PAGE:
Frequently Asked Questions

Post surgery questions and answers

“I understand my patients are given a lot of information when preparing for foot and ankle surgery.  So, I have made a list of questions most commonly asked by my patients about their recovery following surgery.

If you are unable to find the answers to your questions below, feel free to contact my rooms via email or phone and I will happily respond to your queries.”

Troy Keith – MBBS (Hons), FRACS (Orth), FAOrthA.
Orthopaedic Foot & Ankle and Trauma Surgeon

Preparation for surgery

What will I need to do before my surgery?

  • You will receive an email outlining – costs, item numbers, date, time, location, and the type (if any) of boot or shoe you will need to purchase PRIOR to surgery.  Please bring the boot or shoe to hospital with you on the day of your surgery.
  • Contact your health fund to ensure you are covered for the surgery you have been booked using the item numbers provided.
  • Complete Mr Keith’s Informed Financial Consent (IFC) and return to Mr Keith’s rooms along with your surgery deposit.
  • Complete hospital paperwork and lodge with the relevant hospital.
  • Contact your anaesthetist and assistant surgeon for relevant quotes.
  • Arrive at the hospital, fasted and at the time instructed by Mr Keith’s office.

Seeing Mr Keith

When will I see Mr Keith after my surgery?

Mr Keith always aims to see you after your surgery, either later that evening or the following day. If you do go home before Mr Keith sees you, he will call to check on how you are recovering at home.

A post op appointment will be made for you approximately 2 weeks after your surgery. An appointment with Mr Keith’s orthotist may also be made if required.

Hospital Stay

How long am I in hospital for?

Most of Mr Keith’s patients are booked as an overnight stay.

When to go home

How do I know  when I am safe to go home after my surgery?

The hospital physiotherapist will see you in hospital after your operation to decide when to go home. The hospital physiotherapist will also help you organise crutches if needed on the day.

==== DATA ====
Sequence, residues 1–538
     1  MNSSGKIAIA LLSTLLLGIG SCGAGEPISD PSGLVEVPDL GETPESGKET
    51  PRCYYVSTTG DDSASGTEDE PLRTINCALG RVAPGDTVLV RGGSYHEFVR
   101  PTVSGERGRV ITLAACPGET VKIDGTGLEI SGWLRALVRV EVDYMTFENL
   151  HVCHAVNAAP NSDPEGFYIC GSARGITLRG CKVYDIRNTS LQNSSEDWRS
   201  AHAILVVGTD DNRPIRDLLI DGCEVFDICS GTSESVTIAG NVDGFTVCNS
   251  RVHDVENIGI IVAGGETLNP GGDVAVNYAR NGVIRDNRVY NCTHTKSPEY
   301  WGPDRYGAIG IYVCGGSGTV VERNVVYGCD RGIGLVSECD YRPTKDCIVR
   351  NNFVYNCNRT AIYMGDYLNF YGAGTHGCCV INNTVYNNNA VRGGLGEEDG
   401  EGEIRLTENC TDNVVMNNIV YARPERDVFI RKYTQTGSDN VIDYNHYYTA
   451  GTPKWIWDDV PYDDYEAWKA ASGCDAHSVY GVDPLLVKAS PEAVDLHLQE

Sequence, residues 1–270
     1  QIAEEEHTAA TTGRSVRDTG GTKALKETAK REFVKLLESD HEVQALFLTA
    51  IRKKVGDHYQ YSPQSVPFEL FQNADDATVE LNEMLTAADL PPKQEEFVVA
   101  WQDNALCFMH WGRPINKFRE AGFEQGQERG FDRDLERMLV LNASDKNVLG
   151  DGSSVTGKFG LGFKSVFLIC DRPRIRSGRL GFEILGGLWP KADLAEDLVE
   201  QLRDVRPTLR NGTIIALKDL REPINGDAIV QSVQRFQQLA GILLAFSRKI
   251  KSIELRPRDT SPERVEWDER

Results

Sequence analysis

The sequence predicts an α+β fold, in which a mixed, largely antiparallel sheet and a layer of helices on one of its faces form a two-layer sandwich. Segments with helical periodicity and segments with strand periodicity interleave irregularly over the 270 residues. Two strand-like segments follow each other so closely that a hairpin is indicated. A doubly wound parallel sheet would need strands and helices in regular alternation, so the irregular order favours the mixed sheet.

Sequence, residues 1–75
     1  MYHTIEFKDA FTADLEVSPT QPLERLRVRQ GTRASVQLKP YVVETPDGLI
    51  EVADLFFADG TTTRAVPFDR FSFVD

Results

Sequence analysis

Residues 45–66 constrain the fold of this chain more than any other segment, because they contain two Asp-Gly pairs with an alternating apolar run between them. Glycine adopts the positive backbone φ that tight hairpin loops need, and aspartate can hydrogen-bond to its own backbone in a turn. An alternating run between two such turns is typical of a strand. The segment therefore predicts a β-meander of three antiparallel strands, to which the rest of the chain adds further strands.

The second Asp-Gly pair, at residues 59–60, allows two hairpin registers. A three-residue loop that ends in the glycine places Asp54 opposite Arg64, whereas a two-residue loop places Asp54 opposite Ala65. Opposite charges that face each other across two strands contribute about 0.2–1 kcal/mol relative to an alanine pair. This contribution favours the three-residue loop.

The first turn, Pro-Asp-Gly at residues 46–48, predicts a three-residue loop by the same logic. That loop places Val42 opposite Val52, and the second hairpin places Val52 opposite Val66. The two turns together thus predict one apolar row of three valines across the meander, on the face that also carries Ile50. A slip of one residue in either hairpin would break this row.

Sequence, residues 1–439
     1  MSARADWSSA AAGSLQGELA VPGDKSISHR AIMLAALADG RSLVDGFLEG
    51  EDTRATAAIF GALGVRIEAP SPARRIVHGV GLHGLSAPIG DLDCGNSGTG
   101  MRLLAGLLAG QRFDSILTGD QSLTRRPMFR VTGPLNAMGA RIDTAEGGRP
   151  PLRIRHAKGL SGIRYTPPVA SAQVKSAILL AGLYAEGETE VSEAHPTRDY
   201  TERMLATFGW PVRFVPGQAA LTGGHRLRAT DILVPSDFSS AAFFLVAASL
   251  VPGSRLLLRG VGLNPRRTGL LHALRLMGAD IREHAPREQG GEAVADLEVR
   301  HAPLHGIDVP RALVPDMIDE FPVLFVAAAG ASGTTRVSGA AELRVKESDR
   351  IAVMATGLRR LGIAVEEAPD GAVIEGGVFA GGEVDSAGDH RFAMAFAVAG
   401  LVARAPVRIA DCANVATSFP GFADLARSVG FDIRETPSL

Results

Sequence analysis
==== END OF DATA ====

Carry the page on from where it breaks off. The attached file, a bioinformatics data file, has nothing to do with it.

Is swelling normal after surgery?

Yes, this is normal and expected after your surgery.

How long will my foot stay swollen ?

Swelling may be present for up to 6 months after your surgery.

Foot Elevation

How long do I need to keep my foot elevated?

It is very important to do this for 23 hours a day for the first 2 weeks. Swelling increases your risk of developing an infection.

How high do I need to elevate my leg?

Keep your leg elevated on a chair or foot stool at least at the same height as your bottom.

Walking after surgery

Non weight bearing (NWB)

If you are non weight bearing this means you CANNOT walk on your operated leg or foot. You will need crutches.

Weight bearing

If you are allowed to weight bear this  means you are CAN walk on your leg or foot.

If you have any further questions please contact Mr Keith’s office:

Wound dressings

What do I do with my dressings after my surgery?

Please keep your dressing intact and dry until your “post operation” review (usually at 2 weeks after surgery). If you are in an orthotic boot or shoe wear this 24 hours a day.

Medical Certificate

What do I do if I need a Medical Certificate or Carer’s Certificate?

A medical certificate will be emailed to you prior to surgery along with your quote, date, time, location and financial consent.

If you need a carer’s certificate or extension to your medical certificate please email  or call Mr Keith’s rooms.


How do I shower after my surgery?

A shower chair can be very helpful. It is a great idea to use a plastic bag taped around your leg to keep your foot dry while in the shower.

Pain relief

When I put my foot down my leg/ankle/foot swells and throbs. Is this normal?

Yes – This is  normal and expected when your foot is hanging down. There may also be tingling as well as colour changes. This is common and will settle with time and elevation.